The tenuous situation during the spring and summer of 2014 laid the groundwork for the rise of ISIS in Libya. Following the aftermath of elections for the House of Representatives in June 2014, and the subsequent country-wide split between supporters of Libya Dawn, Operation Dignity and other independent militias, conditions were ripe for jihadists to stake their claim. Throughout this period, local fighters returned to Libya from the battlefields of Iraq and Syria. In Derna, returning jihadists established the Islamic Youth Shura Council (IYSC) to recruit new members to the ISIS banner, however, its efforts were met with stiff resistance. At the behest of the self-appointed ISIS caliph Abu Bakr Baghdadi, ISIS representatives traveled from Syria in September 2014 to obtain commitments of allegiance from the IYSC and to formally establish the ISIS “Wilayat Barqa” in Derna, which took place in November 2014.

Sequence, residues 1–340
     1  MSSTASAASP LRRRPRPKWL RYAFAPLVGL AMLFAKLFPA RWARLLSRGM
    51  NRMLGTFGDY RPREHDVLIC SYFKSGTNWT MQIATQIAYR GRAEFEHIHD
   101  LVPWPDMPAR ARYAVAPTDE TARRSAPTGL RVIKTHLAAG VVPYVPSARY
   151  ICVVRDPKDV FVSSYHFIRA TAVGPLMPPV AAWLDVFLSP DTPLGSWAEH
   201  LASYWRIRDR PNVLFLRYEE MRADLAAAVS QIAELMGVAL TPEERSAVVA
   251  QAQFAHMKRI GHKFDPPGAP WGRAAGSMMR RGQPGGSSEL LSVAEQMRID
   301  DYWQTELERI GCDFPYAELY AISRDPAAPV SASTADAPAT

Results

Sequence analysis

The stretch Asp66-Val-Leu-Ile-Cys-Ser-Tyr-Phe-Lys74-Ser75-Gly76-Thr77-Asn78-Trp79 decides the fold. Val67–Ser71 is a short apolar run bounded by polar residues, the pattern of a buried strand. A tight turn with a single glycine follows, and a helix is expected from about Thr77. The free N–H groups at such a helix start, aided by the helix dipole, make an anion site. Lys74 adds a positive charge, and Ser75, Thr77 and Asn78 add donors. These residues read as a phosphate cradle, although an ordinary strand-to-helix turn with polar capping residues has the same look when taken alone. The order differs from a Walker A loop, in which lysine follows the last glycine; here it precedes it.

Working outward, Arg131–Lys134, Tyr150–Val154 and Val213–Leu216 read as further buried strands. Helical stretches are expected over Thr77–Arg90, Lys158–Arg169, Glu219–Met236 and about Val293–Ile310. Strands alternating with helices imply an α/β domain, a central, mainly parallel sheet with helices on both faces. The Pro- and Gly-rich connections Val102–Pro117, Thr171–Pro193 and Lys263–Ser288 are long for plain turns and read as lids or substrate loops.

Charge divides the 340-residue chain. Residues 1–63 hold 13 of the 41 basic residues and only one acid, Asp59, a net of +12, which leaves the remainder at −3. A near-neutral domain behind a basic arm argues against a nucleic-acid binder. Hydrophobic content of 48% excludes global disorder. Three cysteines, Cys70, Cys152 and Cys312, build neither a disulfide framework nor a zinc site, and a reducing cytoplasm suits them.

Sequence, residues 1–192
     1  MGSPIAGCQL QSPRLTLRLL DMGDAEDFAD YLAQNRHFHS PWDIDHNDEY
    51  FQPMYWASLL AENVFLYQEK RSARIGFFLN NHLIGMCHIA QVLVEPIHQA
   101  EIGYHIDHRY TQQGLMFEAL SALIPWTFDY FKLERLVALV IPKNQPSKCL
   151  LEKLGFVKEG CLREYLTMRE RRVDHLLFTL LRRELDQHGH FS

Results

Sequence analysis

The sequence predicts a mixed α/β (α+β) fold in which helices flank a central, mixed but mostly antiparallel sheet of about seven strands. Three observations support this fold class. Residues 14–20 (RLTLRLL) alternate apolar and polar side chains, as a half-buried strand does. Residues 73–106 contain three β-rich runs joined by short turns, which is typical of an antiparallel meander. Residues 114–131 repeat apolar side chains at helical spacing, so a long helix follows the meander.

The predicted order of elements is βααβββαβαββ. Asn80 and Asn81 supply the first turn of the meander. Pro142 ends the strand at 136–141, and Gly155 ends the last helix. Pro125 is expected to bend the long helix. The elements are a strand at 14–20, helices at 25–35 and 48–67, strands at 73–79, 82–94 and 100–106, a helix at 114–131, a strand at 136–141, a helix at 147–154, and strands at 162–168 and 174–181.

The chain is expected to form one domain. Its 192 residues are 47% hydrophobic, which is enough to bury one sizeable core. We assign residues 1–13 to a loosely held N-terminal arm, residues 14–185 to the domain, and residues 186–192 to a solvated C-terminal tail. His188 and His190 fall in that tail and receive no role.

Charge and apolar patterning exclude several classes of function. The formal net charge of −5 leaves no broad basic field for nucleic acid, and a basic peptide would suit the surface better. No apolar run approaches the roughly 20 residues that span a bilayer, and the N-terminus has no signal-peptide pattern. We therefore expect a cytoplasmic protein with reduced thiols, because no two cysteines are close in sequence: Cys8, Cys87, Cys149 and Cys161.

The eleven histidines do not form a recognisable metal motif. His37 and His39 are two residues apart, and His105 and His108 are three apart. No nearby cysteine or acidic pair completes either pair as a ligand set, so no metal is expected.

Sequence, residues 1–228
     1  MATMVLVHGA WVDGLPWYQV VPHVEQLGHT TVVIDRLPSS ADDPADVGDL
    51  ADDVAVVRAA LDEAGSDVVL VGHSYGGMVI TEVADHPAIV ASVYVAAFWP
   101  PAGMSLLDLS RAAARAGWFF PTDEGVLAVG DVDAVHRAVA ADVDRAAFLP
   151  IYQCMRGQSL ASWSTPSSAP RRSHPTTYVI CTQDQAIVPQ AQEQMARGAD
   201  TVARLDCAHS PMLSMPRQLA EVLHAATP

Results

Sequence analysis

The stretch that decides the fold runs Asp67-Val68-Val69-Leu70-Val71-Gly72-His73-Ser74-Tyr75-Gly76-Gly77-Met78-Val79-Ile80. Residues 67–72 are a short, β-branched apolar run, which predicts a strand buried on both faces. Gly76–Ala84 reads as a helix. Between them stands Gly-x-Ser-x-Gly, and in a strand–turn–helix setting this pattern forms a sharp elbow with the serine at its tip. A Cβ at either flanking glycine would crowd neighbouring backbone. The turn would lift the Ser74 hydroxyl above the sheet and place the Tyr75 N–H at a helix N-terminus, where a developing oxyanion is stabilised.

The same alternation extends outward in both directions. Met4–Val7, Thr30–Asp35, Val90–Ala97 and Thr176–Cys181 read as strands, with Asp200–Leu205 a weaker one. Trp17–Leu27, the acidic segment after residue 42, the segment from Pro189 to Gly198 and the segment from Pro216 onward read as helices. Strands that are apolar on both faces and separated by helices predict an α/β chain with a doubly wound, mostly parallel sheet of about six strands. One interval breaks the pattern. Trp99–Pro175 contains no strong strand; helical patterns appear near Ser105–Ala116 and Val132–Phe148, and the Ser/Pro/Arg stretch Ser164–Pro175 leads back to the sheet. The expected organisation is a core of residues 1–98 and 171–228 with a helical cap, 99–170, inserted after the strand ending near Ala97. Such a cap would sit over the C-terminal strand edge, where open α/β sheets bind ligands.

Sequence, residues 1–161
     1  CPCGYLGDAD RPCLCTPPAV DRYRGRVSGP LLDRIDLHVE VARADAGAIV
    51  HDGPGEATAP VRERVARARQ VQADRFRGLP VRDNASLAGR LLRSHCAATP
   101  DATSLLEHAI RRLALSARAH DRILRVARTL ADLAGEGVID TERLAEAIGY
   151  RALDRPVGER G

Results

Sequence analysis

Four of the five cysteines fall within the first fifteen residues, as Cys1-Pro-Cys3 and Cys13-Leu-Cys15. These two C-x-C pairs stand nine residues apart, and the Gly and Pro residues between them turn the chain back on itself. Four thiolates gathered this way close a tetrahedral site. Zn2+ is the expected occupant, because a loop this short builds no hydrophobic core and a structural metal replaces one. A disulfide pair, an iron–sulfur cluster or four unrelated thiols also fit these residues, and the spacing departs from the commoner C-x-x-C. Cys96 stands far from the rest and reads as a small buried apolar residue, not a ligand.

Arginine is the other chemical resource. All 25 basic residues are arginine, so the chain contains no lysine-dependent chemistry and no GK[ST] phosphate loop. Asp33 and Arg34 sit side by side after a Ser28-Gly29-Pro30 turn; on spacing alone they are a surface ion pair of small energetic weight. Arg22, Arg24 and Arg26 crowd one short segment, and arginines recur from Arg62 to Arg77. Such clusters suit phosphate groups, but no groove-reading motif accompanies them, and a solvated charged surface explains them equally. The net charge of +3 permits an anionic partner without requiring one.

Since that time, ISIS has taken over the city of Sirte, establishing “Wilayat Tarablus” in February 2015, and has attempted to push into other territories as far afield as the Fezzan. More recently, ISIS conducted attacks on Sabratha and installations in Libya’s oil crescent. The group has increasingly tightened its grip on Sirte over the last year, concentrating its base of operations there after being pushed out Derna and suffering defeats at the hands of its rivals in Benghazi. Various estimates also suggest that ISIS has grown to between 5,000-6,000 fighters.  These developments have created a troublesome prospect for Libya and the greater region. Furthermore, the entrenchment of ISIS in Libya means that the Government of National Accord will face a significant battle for control even after any potential reconciliation between East and West is brokered.